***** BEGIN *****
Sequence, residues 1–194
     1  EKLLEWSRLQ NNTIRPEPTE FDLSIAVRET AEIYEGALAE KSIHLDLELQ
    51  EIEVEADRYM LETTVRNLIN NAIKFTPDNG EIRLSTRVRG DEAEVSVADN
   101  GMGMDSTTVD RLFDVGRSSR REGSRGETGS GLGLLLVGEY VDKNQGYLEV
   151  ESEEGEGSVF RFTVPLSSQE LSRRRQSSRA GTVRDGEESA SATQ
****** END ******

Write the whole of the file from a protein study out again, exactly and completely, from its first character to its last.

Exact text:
Sequence, residues 1–194
     1  EKLLEWSRLQ NNTIRPEPTE FDLSIAVRET AEIYEGALAE KSIHLDLELQ
    51  EIEVEADRYM LETTVRNLIN NAIKFTPDNG EIRLSTRVRG DEAEVSVADN
   101  GMGMDSTTVD RLFDVGRSSR REGSRGETGS GLGLLLVGEY VDKNQGYLEV
   151  ESEEGEGSVF RFTVPLSSQE LSRRRQSSRA GTVRDGEESA SATQ